Mice Sing Ultrasonic Love Songs Akin To A Jet Engine


Tom Hale


Tom Hale

Senior Journalist

Tom is a writer in London with a Master's degree in Journalism whose editorial work covers anything from health and the environment to technology and archaeology.

Senior Journalist

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You might think a mouse can make little more than a squeak and a scuffle. However, new research says they actually charm their mates with ultrasonic mating calls using a mechanism only seen before in jet engines.

It’s well established that mice and other rodents use ultrasonic communication for territorial and mating purposes. These “songs” are such a high-frequency, they can’t be heard by the human ear.


An international team of researchers has now shown that mice vocalization is even more bizarre than previously thought. Their study, based at the University of Cambridge, was recently published in the journal Current Biology.

"Even though mice have been studied so intensely, they still have some cool tricks up their sleeves,” said senior author Dr Coen Elemans, from the University of Southern Denmark, in a statement.

“Mice make ultrasound in a way never found before in any animal,” added lead author Elena Mahrt, from Washington State University.


You can listen to the mice in the study above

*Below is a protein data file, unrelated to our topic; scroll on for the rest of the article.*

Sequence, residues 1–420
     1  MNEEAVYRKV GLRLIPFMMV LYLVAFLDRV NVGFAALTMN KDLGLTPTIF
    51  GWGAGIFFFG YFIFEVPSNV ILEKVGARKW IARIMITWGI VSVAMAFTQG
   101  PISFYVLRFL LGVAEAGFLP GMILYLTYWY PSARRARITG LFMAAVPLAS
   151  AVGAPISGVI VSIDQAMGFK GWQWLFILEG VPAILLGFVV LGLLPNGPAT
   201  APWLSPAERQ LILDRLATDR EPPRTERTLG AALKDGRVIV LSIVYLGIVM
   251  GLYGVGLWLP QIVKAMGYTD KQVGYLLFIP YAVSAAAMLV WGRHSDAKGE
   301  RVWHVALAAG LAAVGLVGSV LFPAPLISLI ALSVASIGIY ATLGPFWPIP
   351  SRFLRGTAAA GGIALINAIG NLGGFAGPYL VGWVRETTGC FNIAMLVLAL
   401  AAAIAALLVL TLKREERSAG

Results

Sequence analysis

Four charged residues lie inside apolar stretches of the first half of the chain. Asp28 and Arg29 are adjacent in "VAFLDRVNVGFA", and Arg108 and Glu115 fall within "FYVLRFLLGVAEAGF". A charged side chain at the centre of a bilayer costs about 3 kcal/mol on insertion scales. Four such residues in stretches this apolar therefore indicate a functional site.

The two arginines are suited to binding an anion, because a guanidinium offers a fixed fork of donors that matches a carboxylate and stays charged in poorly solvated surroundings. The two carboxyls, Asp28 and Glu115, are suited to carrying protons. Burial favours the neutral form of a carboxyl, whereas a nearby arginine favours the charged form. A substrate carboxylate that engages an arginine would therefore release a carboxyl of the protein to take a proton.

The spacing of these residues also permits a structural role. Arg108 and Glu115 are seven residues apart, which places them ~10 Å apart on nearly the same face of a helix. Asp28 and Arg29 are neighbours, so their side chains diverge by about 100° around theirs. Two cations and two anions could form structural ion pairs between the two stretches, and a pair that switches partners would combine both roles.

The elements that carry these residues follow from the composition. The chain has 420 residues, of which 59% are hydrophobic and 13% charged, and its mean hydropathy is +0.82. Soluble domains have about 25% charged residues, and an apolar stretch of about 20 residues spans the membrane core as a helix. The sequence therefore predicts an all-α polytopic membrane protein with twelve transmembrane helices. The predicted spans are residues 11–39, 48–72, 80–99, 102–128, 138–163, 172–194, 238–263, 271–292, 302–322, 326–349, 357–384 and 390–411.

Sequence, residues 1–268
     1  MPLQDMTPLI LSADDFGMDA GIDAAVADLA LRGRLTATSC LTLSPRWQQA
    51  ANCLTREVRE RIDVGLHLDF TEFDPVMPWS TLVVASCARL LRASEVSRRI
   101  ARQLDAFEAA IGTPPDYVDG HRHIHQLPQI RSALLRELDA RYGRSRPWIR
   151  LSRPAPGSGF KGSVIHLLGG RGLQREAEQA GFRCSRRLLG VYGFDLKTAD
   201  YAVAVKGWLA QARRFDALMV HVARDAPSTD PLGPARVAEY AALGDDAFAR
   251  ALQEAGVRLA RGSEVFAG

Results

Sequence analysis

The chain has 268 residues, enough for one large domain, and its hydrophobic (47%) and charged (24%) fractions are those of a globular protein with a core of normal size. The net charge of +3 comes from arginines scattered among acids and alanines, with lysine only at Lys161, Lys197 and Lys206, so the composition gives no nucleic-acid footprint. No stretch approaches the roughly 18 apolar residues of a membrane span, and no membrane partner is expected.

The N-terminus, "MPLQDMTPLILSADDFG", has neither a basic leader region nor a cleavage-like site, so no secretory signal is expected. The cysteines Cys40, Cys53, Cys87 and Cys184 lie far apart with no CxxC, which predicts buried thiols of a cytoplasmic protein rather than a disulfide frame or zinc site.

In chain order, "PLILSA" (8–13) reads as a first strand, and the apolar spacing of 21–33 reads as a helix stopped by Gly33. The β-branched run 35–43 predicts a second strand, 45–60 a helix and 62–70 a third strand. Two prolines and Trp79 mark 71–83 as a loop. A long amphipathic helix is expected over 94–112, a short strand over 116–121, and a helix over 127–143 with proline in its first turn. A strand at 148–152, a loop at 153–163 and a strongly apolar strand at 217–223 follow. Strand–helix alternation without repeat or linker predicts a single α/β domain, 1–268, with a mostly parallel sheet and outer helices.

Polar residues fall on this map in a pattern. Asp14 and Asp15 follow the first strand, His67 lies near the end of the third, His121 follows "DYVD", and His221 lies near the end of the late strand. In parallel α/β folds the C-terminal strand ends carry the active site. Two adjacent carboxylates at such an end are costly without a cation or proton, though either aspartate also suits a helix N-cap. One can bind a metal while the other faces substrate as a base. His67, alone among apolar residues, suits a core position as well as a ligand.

They filmed mice singing with an ultra-high-speed camera at 100,000 frames per second and noticed that their vocal folds remained completely motionless. This is pretty strange, as it was previously assumed the mechanisms was caused by the vibration of the vocal cords, just like human vocalizations.

But it turns out, the mice actually point a small jet of air from the windpipe against the inner wall of the larynx. The result is a chirpy (but inaudible to human) ultrasonic whistle, more akin to military technology than little furry mammals.

“This mechanism is known only to produce sound in supersonic flow applications, such as vertical takeoff and landing with jet engines, or high-speed subsonic flows, such as jets for rapid cooling of electrical components and turbines,” added Dr Anurag Agarwal, study co-author and head of the Aero-acoustics laboratories at Cambridge’s Department of Engineering.


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